I had no idea, until today, that you could get a 100% valid and free SSL certificate for your website. I just set it up for this blog and now I’m HTTPS compatible with a green secure icon, and I paid nothing! Shout-out to @ericlaw for the tip. There’s absolutely no reason every website shouldn’t be secure, so here’s how to do it.
We’re going to be using a certificate authority (CA) called Let’s Encrypt. They’re trying to make the internet a more secure place, and rely on donations from organizations and regular people to keep things going.
Getting Started with your Free SSL Certificate
Head on over to Let’s Encrypt’s Getting Started page. They break it down into two options, one being if you manage your own server, and the other if you’re hosted on a 3rd party retailer.
Option 1: Self-Hosted w/ Shell Access
Visit Certbot for a guide to generating and installing your ssl certificate.
If you’re hosting yourself and have shell access, you’ll be using Certbot (link above) to get your free ssl certificate generated and installed. It took me no more than 10 minutes, and that’s because I actually read everything. You just need to select your server and system specifications, and they will provide a step-by-step guide to getting everything working.
The last part of the guide tells you to create a cronjob to automatically renew your free ssl certificate before it expires. If you’re unfamiliar with creating a cronjob follow these simple steps:
SSH into your server and type the following command:
sudo crontab -e
Inside the editor, you’ll want to specify how often to run the command. In my example I’m doing it at 5am and 5pm:
0 5,17 * * * /usr/bin/certbot renew --quiet
Now, restart your crontab (command may differ depending on system):
sudo systemctl restart crond.service
If this isn’t clear for you then you can simply google how to set up a cronjob on whatever system you have. It’ll be pretty straight forward and a good learning experience.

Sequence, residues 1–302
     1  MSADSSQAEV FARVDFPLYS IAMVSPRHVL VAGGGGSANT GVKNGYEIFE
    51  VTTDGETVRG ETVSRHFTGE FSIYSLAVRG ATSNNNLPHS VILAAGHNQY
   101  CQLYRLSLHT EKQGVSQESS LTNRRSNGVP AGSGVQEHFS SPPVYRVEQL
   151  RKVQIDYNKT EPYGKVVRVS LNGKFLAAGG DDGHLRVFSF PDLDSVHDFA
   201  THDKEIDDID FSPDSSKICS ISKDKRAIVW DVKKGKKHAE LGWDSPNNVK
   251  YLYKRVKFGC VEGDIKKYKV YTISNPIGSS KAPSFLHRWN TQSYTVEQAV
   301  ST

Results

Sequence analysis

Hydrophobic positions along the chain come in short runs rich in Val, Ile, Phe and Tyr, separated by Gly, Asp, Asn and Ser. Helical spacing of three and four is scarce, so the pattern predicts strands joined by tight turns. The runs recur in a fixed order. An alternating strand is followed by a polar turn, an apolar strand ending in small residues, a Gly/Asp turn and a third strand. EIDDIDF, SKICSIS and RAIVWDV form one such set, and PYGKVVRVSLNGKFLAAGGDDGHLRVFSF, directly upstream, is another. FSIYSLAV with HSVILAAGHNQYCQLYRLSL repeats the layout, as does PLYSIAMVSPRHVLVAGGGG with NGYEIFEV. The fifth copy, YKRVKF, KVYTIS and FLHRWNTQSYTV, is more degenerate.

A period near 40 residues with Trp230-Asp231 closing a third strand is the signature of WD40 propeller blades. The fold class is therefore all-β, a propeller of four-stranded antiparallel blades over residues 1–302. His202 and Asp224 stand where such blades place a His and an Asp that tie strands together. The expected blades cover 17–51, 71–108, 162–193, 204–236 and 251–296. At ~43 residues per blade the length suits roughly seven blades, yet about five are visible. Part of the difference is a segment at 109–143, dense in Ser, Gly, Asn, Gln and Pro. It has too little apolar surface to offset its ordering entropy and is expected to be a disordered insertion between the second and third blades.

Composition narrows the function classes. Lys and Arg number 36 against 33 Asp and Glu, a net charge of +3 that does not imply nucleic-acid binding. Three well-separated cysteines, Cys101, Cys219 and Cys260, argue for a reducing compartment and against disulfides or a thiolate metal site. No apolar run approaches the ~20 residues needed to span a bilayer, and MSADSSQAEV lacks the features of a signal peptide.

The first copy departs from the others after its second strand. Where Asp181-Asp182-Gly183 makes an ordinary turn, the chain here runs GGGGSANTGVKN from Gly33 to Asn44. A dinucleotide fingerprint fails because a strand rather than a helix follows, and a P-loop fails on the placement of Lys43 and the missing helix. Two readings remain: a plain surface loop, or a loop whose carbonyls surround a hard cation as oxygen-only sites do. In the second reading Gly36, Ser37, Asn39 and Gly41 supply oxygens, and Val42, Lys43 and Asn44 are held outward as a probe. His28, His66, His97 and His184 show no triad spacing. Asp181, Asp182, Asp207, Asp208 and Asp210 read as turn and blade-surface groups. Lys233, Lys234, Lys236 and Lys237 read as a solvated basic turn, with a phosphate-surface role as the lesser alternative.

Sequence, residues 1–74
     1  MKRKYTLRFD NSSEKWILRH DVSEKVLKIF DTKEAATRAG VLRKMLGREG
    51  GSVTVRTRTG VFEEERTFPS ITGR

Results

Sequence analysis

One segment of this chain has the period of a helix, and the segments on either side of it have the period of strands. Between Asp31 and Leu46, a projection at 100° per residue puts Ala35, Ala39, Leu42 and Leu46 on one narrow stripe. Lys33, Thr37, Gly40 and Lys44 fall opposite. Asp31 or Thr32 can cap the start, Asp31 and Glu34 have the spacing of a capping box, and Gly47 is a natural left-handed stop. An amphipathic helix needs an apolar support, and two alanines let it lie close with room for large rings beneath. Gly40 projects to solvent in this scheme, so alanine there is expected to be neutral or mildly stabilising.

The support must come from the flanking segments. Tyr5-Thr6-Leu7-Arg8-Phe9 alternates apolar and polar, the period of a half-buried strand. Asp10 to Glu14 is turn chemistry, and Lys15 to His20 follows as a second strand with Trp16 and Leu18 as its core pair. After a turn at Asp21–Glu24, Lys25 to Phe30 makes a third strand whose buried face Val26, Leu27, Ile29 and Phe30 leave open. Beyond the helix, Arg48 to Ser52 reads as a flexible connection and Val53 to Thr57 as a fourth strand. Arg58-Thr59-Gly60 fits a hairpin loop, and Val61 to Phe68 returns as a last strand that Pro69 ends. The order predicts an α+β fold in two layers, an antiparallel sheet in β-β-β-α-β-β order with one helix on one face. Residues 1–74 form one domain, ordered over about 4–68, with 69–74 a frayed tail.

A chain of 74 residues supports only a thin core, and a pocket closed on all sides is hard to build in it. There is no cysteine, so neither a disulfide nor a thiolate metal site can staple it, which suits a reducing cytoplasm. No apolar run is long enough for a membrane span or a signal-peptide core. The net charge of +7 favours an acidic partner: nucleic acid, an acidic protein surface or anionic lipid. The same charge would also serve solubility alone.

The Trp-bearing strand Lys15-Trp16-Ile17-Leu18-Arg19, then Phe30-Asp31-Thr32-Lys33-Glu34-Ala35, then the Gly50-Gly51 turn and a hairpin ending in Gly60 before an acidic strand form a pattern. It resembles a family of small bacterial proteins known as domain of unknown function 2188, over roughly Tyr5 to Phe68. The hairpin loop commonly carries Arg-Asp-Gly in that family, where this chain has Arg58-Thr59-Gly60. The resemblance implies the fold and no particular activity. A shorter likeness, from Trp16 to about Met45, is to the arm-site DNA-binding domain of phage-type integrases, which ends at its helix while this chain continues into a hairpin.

Option 2: Hosted on a 3rd Party
If you’re hosting your site or blog on a 3rd party hosting company, you’ll need to see if your hosting provider has support for Let’s Encrypt. Check out the list of supported web hosting companies.
If your host is on that list, they should have documentation on how to generate and install your SSL certificate. Reach out to their customer service department if you can’t find the information on their website.
If your host is not on the list, you should contact them to see if they have plans to add support. If not, you still have an option. Follow the Let’s Encrypt Manual Mode Guide to get started. I will warn you, however, that if you’re not technically savvy, it’ll be tricky
Validating your Free SSL Certificate
The last step is to make sure everything is working properly. Visit your website normally and you should be redirected to the https:// version automatically. You’ll want to make sure any content on your site (images, scripts, etc.) are pointing to a secure domain as well or else browsers will mark your site as partially secure.
Qualys SSL Labs offers a service to scan your site and validate your security. Here is an example of my blog’s SSL status. Hopefully my grade is still an A (if not, please contact me!!!). Just plug your website into there, and see what grade you have. If you don’t have an A, then read what’s wrong and take the steps to fix it.
You should be all set! Now your site is HTTPS enabled. SSL helps make the internet a better and safer place. Thanks for doing your part!
Please comment if you have questions or notice any mistakes in this post. My goal is to help as many people as possible secure their sites and blogs, so accuracy is important to me.
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